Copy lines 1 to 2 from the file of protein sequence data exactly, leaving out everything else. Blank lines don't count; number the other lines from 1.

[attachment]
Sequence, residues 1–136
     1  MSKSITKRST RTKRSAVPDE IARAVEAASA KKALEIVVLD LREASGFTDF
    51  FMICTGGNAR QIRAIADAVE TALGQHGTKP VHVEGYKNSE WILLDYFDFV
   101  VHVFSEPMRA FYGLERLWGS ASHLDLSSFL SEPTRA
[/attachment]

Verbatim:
Sequence, residues 1–136
     1  MSKSITKRST RTKRSAVPDE IARAVEAASA KKALEIVVLD LREASGFTDF